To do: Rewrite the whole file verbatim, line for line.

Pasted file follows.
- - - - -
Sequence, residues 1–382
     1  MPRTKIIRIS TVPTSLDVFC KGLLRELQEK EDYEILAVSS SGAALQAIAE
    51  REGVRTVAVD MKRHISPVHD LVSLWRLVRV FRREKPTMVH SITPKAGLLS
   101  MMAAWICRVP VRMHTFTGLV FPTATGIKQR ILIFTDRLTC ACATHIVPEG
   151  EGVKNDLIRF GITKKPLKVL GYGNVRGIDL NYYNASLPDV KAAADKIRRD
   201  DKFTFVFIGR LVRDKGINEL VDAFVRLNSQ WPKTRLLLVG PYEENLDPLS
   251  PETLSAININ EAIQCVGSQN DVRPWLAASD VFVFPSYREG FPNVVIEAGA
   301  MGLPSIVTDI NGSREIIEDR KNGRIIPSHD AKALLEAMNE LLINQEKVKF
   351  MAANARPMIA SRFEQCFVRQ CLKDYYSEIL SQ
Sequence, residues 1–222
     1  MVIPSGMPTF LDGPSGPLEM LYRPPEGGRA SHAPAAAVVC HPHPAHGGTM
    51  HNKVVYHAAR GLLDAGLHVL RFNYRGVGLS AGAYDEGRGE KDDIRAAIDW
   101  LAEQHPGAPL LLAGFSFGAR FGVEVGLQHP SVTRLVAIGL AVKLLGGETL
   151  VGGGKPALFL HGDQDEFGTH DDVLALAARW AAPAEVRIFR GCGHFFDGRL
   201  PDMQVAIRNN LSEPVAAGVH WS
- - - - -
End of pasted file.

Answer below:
Sequence, residues 1–382
     1  MPRTKIIRIS TVPTSLDVFC KGLLRELQEK EDYEILAVSS SGAALQAIAE
    51  REGVRTVAVD MKRHISPVHD LVSLWRLVRV FRREKPTMVH SITPKAGLLS
   101  MMAAWICRVP VRMHTFTGLV FPTATGIKQR ILIFTDRLTC ACATHIVPEG
   151  EGVKNDLIRF GITKKPLKVL GYGNVRGIDL NYYNASLPDV KAAADKIRRD
   201  DKFTFVFIGR LVRDKGINEL VDAFVRLNSQ WPKTRLLLVG PYEENLDPLS
   251  PETLSAININ EAIQCVGSQN DVRPWLAASD VFVFPSYREG FPNVVIEAGA
   301  MGLPSIVTDI NGSREIIEDR KNGRIIPSHD AKALLEAMNE LLINQEKVKF
   351  MAANARPMIA SRFEQCFVRQ CLKDYYSEIL SQ
Sequence, residues 1–222
     1  MVIPSGMPTF LDGPSGPLEM LYRPPEGGRA SHAPAAAVVC HPHPAHGGTM
    51  HNKVVYHAAR GLLDAGLHVL RFNYRGVGLS AGAYDEGRGE KDDIRAAIDW
   101  LAEQHPGAPL LLAGFSFGAR FGVEVGLQHP SVTRLVAIGL AVKLLGGETL
   151  VGGGKPALFL HGDQDEFGTH DDVLALAARW AAPAEVRIFR GCGHFFDGRL
   201  PDMQVAIRNN LSEPVAAGVH WS